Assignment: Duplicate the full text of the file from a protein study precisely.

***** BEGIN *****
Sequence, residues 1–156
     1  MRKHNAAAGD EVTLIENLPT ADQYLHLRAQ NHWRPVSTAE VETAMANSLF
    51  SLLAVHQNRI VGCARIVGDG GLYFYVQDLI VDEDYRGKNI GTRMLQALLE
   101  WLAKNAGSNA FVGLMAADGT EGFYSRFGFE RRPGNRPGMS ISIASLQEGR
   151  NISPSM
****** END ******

Sequence, residues 1–156
     1  MRKHNAAAGD EVTLIENLPT ADQYLHLRAQ NHWRPVSTAE VETAMANSLF
    51  SLLAVHQNRI VGCARIVGDG GLYFYVQDLI VDEDYRGKNI GTRMLQALLE
   101  WLAKNAGSNA FVGLMAADGT EGFYSRFGFE RRPGNRPGMS ISIASLQEGR
   151  NISPSM